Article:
Unsung heroes: Store staff working hard to fill shelves during Covid-19

coronavirus in uae, uae fights covid19

Dubai - One among them is Prem Prakash Dhanwani, a supervisor at West Zone Supermarket in Satwa.

By Nandini Sircar

Published: Fri 27 Mar 2020, 11:42 PM

Last updated: Sat 28 Mar 2020, 10:12 PM

When you see a supermarket staff in your brief forays out of home, have you ever thought of expressing gratitude and saying thank you.

With social distancing up on everyone's mind amid the Covid-19 pandemic, these members of the service staff are the 'everyday heroes' at this head spinning moment. They remind us that without them, everything would grind to a halt.

If they didn't step out daily, those empty shelves in the supermarkets would perennially remain void.

These 'true soldiers' ensure that the residents are alive and fed, has access to grocery and other essential provisions, despite the very real dangers of being exposed to infection.

One among them is Prem Prakash Dhanwani, a supervisor at West Zone Supermarket in Satwa, a branch that serves customers round the clock.

Faced with unprecedented times, Prem makes every effort to adhere to safety measures, such as sanitising hands at fixed intervals, wearing masks and gloves, and undergoing regular temperature checks that are mandatory now.

"My store feels like a second home to me. We've observed high grocery demands, especially in the last few weeks. So, I arrive at 9am, which is an hour earlier than what I usually do. I make sure that the deliveries have arrived on time, the bakery is well stocked and the fruits and vegetables are fresh."

On the elevated risk of exposure in his profession, he said: "It's not all about the month-end salary and paying our bills. I genuinely feel it's a call for duty. I also feel scared, but if everyone coils up, then who will do the required work."

Prem works for as long as 15 hours on the floor daily, dealing with over 9,000 unknown people every day in these stressful times. This obviously means risking infection from higher levels of public interaction. Although, maintaining a reasonable distance while talking to customers has become the 'new normal', but calming down people with frayed nerves is often daunting.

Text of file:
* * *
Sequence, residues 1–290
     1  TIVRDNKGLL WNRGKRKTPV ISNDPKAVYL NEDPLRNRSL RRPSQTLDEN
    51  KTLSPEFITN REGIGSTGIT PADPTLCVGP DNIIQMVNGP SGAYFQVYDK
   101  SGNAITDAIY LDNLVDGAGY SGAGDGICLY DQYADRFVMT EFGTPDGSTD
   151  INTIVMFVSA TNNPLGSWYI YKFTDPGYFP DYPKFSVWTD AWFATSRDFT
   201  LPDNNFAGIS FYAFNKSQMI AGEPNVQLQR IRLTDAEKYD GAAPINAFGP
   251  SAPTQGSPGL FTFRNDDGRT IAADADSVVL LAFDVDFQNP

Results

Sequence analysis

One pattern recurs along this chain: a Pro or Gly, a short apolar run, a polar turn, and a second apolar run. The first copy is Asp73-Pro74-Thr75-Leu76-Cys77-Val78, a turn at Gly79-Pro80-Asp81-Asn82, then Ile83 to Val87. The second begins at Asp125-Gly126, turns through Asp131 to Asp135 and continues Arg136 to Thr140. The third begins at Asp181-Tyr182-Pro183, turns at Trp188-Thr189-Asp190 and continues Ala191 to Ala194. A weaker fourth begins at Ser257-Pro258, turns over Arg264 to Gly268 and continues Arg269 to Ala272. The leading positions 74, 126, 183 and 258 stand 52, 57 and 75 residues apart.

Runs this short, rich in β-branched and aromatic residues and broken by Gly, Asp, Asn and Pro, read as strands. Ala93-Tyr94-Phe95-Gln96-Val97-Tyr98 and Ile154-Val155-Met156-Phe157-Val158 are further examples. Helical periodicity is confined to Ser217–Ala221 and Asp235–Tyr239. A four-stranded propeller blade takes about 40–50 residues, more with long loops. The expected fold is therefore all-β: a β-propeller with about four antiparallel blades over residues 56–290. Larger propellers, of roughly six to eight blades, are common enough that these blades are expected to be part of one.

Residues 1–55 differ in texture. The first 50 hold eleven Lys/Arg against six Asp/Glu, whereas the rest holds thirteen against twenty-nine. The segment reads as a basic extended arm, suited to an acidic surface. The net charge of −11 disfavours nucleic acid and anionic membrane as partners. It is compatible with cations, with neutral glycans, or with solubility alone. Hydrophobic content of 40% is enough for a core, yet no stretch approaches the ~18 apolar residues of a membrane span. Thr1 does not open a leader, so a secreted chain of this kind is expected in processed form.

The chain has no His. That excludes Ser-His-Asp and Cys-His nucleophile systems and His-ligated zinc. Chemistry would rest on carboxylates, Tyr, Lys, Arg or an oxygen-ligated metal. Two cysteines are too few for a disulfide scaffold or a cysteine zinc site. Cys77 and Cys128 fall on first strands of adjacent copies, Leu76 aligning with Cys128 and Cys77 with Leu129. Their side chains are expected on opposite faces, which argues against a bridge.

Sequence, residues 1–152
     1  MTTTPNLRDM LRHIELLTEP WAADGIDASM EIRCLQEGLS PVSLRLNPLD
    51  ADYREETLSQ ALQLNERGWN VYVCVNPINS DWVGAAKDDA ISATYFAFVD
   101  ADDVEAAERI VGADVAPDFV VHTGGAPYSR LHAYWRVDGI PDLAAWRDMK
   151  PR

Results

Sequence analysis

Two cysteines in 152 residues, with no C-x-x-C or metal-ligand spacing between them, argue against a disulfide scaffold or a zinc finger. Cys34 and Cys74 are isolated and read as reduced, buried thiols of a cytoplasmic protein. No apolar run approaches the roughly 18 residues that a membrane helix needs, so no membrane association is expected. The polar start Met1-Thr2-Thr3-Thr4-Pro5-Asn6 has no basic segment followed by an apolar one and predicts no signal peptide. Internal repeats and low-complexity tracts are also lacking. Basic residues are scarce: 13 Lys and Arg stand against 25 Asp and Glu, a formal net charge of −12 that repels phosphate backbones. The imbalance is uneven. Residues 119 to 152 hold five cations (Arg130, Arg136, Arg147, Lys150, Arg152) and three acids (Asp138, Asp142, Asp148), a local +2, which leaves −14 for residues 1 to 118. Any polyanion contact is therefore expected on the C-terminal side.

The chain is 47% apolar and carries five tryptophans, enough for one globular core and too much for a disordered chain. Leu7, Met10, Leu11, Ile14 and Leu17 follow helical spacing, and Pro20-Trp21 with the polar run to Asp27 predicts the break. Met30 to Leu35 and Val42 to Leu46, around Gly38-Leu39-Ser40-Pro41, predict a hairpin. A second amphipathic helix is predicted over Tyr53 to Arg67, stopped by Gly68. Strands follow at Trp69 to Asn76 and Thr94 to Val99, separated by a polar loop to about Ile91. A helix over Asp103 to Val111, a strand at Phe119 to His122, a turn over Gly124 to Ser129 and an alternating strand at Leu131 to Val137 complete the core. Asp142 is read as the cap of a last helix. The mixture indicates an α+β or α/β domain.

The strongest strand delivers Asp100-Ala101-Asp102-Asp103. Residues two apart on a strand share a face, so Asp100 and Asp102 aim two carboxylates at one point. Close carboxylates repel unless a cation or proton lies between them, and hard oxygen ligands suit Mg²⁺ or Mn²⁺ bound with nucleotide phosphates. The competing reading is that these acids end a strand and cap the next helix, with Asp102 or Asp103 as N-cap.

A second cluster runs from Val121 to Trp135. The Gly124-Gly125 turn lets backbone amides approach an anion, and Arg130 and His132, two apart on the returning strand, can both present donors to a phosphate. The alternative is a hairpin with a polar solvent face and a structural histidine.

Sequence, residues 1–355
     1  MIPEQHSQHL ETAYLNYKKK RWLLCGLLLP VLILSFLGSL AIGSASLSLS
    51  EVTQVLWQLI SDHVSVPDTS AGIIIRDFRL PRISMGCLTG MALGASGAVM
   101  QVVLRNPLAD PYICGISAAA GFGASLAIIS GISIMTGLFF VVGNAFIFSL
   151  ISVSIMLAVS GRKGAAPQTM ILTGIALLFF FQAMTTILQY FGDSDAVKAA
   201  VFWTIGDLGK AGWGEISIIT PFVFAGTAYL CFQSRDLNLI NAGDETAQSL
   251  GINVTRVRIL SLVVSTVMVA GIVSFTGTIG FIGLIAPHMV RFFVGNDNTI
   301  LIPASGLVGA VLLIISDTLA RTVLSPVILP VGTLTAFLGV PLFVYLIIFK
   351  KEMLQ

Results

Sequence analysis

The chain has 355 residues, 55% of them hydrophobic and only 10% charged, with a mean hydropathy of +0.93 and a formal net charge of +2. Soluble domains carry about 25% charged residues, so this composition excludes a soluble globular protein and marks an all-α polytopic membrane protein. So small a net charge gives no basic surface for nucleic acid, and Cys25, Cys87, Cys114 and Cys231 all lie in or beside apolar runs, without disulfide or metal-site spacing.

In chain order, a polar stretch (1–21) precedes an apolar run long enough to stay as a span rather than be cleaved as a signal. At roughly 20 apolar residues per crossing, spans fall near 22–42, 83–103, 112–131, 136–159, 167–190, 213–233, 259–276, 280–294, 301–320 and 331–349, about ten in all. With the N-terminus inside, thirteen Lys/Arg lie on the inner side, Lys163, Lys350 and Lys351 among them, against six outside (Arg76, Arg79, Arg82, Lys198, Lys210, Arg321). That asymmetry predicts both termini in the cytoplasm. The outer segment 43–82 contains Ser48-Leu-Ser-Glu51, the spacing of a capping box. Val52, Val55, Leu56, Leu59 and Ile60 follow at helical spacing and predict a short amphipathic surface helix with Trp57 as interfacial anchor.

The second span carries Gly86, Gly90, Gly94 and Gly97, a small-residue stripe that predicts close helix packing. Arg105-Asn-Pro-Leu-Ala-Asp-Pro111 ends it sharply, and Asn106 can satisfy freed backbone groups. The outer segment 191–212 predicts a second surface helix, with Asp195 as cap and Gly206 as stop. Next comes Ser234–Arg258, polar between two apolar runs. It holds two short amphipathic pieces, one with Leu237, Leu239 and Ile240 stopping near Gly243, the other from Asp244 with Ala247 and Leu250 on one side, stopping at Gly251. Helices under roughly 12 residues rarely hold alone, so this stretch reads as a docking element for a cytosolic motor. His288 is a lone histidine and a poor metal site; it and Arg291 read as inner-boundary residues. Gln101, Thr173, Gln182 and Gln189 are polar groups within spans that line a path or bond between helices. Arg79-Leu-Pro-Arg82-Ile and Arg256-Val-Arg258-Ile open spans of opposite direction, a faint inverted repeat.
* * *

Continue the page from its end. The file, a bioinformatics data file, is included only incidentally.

"Some people are really difficult to handle. Panic shoppers snatch things from each other, quarrel, hoard things in the trolleys and even snap at us. At such times, I've to intervene, explain and assure them that there is enough in the stocks for everyone."

Working tirelessly, forgoing weekly offs, his otherwise regular job, is nothing short of heroic now.

"Checking up on supply chain facilities, filling up for floor salespeople, lending an extra hand as a cashier, overseeing shelf stockers, doing pricing checks are some of my roles. I also ensure these days that high-risk areas, such as check out kiosks, baskets and trolleys are sanitised often," he said.

With the coronavirus pandemic leading to increased customer footfall, keenly observing them while respectfully assisting sick customers is an added agenda.

"I have been handing out free masks and sanitisers to customers who look a little unwell to me. Sometimes, I watch them on the camera and see if they require further assistance to their cars or nearby homes."

He added: "It can be something as small as helping a customer to select some item, especially now that people have increased enquiries, I feel I have a crucial role to play in these frightening times."

Navigating through different challenges, Prem's long day ends after overseeing check-out cash handling managers at all the fourteen counters of the store.

"This includes ensuring strong internal controls, counting, loading the deposits on the system and handovers. Not every transaction follows a contactless payment method. So, while handling cash, we wear gloves and are very careful."

Thus, it seems, while most works around the world are slowing down, a few like him, who are said to be essential emergency workers, have ironically speeded up.


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